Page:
https://www.readbyqxmd.com/read/28412194/parents-find-medical-errors-and-safety-incidents-that-hospitals-miss
#11
Deborah L McBride
Identifying medical errors and adverse events (events that cause harm) is an essential part of hospital safety surveillance systems, but usually do not include input from families. This review discusses new research comparing rates of medical errors and adverse events collected by interviews with families or caregivers to standard methods of hospital safety surveillance. It concludes that, although clinicians are ultimately responsible for reporting errors and adverse events, families can help detect events that traditional surveillance methods miss and hospitals should consider incorporating family reports into routine safety surveillance systems and rigorously investigate concerns that are reported...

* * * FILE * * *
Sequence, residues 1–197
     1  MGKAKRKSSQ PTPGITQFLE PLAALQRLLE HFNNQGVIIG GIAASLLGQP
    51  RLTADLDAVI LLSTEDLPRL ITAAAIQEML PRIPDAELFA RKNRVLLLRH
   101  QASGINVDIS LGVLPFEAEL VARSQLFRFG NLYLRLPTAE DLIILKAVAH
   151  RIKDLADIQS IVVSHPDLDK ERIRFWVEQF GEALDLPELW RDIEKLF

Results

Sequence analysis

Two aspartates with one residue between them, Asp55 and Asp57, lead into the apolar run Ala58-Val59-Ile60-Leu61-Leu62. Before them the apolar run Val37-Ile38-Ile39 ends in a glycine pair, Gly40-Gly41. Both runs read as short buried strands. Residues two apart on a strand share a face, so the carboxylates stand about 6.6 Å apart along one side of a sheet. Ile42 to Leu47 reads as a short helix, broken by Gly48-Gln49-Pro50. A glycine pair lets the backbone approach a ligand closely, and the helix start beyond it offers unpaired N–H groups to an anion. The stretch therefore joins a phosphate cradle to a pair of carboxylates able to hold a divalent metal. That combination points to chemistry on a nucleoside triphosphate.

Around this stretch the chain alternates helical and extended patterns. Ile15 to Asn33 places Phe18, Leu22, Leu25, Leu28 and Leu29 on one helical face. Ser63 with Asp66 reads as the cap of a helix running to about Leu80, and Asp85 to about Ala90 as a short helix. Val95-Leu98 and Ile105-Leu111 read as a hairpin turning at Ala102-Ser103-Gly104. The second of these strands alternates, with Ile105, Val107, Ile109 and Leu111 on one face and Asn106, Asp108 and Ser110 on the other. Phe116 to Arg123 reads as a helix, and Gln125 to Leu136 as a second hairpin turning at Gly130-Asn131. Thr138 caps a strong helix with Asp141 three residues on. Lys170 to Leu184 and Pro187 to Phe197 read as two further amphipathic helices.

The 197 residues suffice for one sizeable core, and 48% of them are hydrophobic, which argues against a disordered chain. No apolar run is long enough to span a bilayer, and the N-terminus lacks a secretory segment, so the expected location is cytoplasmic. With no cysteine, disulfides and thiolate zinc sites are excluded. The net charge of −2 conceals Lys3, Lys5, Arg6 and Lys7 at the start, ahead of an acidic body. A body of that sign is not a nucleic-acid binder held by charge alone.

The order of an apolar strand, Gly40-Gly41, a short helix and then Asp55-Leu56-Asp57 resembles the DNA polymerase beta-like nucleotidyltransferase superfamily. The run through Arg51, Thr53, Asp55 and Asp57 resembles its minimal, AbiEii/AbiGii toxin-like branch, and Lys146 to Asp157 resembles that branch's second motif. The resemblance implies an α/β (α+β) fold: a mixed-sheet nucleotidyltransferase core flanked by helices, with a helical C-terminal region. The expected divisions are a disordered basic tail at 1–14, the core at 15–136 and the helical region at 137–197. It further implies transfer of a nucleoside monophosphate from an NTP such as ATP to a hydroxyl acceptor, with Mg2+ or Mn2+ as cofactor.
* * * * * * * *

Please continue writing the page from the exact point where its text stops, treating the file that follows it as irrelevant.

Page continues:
April 13, 2017: Journal of Pediatric Nursing
https://www.readbyqxmd.com/read/28412193/translational-research-effective-communication-and-teaching-strategies-for-improving-the-quality-of-pediatric-nursing-care-for-hospitalized-children-and-their-families
#12
REVIEW
https://www.readbyqxmd.com/read/28410859/optic-nerve-hypoplasia-more-than-meets-the-eye
#13
Irena Hozjan
No abstract text is available yet for this article.
April 12, 2017: Journal of Pediatric Nursing
https://www.readbyqxmd.com/read/28390802/editorial-special-issue-on-the-hospitalized-child-research-evidence-and-service-models
#14
EDITORIAL
Cecily L Betz
No abstract text is available yet for this article.
April 5, 2017: Journal of Pediatric Nursing
https://www.readbyqxmd.com/read/28381331/social-and-health-determinants-of-adolescent-s-wellbeing-in-jordan-implications-for-policy-and-practice
#15
Diana H Arabiat, Abeer Shaheen, Ommaya Nassar, Mohammad Saleh, Ayman Mansour